Apoptosis is an active mode of cell death first described in 1972 by Kerr, Currie and Wyllie. Morphological, biochemical and molecular characteristics of apoptotic cell death have been widely described, including the other parallel reviews in this issue. Among these the progressive ultrastructural changes such as compaction and segregation of nuclear chromatin, condensation of the cytoplasm, preservation of integrity and activity of cellular organelles, etc., are the most typical features of apoptotic cell death. A biochemical hallmark of apoptosis is the internucleosomal DNA cleavage operated by Ca2+-Mg2+-dependent endonucleases. Apoptosis plays a key role in physiological processes such as development and morphogenesis, maturation of the immune system and maintenance of homeostasis in actively proliferating tissues in adult organisms. However, apoptotic cell death is also involved in pathological conditions such as degenerative and neoplastic disorders of diverse tissues. Interestingly, evidence exists implicating apoptosis in a variety of chronic neurodegenerative diseases including Parkinson's, Huntington and Alzheimers diseases, amyotrophic lateral sclerosis of the familial type and others. Features of apoptotic cell death have also been described in selective neuronal populations of the central nervous system undergoing acute damage caused for instance, by ischaemia, epilepsy and trauma. Several biochemical events, including cellular free Ca2+ overloading, accumulation of different radical species, lack of neurotrophic factors and transcription of specific gene products, appear to participate in the expression of apoptotic cell death. Interestingly, in the mammalian brain pathological activation of specific receptor populations may be the trigger for these apparently independent biochemical events, ultimately leading to neuronal cell death, that may also represent the targets for newly discovered neuroprotective drugs.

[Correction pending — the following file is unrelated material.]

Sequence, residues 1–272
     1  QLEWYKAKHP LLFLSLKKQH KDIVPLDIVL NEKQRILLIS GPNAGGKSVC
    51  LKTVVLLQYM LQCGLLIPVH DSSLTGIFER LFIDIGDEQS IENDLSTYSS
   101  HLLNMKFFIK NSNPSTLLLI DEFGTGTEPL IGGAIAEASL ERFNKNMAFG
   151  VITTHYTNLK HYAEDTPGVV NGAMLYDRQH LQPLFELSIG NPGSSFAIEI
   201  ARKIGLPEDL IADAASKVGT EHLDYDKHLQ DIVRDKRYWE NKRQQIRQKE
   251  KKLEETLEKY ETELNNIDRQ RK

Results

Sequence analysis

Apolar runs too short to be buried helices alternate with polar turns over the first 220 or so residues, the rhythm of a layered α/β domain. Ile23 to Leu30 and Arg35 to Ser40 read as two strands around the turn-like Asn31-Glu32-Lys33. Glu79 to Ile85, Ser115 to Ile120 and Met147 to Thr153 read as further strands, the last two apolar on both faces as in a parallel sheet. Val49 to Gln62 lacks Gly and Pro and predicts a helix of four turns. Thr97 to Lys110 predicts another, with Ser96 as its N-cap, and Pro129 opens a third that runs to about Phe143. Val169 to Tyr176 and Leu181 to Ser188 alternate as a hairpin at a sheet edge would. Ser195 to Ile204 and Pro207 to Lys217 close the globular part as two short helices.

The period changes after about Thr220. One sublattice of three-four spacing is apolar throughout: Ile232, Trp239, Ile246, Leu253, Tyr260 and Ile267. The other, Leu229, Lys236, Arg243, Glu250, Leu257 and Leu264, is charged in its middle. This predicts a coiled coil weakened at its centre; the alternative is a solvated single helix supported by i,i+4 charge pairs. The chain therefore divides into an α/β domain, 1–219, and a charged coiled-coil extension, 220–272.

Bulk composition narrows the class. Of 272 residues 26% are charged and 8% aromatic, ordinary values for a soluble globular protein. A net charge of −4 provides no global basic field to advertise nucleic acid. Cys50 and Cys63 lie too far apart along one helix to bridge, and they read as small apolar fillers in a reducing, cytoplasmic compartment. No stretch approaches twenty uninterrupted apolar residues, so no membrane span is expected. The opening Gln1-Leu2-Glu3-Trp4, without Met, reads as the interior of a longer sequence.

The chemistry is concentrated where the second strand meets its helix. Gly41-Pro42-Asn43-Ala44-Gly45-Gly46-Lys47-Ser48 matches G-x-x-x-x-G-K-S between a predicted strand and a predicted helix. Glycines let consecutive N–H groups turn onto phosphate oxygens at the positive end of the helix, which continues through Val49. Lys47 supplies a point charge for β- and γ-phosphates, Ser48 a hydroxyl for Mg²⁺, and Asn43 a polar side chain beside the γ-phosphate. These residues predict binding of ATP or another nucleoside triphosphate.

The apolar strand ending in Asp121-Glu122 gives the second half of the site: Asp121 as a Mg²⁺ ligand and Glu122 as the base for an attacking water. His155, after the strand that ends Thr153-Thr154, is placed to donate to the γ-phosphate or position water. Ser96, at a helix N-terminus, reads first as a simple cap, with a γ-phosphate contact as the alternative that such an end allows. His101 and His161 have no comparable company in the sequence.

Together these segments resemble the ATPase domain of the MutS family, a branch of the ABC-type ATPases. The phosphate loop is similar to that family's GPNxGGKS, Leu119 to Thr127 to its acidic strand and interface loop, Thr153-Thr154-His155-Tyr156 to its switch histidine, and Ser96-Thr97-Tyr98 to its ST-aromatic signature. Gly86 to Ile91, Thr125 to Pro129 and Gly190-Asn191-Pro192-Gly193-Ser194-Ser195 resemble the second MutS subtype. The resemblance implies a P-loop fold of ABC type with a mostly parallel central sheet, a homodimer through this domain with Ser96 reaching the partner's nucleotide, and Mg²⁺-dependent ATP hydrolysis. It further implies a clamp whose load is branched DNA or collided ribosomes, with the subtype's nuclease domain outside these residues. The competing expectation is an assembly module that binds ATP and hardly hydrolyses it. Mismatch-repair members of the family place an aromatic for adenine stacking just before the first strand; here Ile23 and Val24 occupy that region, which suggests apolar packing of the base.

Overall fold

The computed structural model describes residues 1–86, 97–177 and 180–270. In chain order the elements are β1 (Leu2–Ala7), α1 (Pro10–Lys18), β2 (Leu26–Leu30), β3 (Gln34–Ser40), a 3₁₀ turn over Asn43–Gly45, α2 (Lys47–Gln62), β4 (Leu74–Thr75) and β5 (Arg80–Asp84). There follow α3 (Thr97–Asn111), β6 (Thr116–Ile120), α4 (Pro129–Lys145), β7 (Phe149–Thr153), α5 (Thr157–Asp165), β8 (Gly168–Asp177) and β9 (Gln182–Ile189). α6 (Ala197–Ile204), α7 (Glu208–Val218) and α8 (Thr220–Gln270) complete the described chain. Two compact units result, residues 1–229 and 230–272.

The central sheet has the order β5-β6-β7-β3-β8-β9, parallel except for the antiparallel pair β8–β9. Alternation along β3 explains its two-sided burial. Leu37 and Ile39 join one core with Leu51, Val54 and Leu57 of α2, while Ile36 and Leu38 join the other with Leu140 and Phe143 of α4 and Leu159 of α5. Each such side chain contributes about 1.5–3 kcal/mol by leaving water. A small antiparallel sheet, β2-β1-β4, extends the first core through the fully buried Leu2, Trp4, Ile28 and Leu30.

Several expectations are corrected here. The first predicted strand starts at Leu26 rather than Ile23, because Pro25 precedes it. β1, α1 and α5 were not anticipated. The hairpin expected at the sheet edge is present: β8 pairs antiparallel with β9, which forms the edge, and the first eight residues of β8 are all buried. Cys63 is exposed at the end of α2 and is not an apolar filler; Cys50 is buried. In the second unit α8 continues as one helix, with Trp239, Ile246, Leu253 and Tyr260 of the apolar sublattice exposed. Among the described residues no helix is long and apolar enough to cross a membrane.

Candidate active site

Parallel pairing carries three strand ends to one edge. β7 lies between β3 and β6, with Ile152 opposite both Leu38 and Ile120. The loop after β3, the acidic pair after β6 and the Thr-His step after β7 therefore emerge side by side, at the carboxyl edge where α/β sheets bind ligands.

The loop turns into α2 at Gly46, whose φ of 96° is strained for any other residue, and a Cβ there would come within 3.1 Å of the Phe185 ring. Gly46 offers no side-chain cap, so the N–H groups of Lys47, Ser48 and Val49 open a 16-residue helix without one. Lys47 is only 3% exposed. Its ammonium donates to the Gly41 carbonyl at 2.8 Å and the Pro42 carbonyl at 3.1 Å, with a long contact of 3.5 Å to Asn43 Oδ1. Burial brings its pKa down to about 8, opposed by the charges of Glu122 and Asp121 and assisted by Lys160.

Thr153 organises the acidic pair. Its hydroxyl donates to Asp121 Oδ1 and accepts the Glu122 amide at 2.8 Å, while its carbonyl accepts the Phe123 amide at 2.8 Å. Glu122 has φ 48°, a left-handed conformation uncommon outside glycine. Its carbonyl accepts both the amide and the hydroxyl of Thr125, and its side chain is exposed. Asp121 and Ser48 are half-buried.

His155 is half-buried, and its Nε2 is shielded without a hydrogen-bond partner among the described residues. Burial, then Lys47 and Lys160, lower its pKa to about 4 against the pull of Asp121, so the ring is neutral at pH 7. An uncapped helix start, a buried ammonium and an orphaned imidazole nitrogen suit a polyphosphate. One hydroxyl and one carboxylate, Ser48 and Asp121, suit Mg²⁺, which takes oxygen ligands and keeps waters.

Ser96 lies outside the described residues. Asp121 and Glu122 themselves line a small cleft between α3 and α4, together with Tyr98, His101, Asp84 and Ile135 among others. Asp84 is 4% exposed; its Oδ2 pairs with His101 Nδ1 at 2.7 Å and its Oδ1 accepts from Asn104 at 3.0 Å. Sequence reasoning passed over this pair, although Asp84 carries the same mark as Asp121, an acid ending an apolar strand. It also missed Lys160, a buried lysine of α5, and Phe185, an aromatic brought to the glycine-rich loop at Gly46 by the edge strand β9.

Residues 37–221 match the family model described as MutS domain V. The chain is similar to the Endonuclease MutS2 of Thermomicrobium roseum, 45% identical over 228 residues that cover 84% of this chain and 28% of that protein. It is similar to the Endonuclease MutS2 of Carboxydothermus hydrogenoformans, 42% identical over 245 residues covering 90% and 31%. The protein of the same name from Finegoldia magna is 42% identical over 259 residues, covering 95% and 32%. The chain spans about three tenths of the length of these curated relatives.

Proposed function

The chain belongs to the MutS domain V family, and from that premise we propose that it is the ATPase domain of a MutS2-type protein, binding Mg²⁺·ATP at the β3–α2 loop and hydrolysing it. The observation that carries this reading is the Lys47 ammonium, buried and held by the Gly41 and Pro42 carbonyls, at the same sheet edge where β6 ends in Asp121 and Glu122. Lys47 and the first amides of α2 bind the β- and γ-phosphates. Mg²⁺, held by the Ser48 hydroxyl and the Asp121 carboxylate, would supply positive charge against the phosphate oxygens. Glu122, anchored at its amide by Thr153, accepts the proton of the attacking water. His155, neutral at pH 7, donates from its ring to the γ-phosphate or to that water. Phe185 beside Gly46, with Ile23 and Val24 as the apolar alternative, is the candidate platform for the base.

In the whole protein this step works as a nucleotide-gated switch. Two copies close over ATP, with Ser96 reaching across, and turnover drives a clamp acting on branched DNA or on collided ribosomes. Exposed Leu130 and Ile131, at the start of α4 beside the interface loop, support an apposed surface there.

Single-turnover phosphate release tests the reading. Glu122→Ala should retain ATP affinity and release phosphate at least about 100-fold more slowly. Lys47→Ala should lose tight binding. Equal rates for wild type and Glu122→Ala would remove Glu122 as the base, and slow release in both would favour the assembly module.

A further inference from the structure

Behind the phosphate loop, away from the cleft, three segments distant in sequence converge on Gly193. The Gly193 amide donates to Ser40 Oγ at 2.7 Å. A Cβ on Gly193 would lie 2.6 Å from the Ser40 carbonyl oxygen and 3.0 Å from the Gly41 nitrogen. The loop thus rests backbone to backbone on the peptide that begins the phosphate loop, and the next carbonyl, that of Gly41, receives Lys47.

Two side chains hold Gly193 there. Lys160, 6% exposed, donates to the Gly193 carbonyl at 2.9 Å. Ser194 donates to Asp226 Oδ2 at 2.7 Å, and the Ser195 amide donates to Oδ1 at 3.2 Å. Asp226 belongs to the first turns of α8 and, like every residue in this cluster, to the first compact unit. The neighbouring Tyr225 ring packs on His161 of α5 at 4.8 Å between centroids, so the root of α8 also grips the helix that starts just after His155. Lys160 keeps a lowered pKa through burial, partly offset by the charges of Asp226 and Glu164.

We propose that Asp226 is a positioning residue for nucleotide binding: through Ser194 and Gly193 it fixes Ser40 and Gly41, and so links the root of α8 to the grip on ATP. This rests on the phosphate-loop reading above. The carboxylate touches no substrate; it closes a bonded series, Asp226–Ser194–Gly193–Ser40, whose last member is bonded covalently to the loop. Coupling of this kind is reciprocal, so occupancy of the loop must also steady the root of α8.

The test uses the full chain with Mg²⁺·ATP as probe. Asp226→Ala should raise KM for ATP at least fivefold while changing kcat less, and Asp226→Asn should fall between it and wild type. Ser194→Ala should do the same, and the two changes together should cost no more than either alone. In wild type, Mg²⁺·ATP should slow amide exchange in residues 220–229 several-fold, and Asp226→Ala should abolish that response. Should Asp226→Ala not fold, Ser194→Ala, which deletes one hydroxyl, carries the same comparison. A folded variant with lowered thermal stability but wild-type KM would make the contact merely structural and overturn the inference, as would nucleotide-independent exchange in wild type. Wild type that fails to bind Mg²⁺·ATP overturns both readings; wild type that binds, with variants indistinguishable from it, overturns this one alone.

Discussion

|Number of pages||16|
|Journal||FORUM - Trends in Experimental and Clinical Medicine|
|Publication status||Published - 1997|
- Cell death
- Nitric oxide
ASJC Scopus subject areas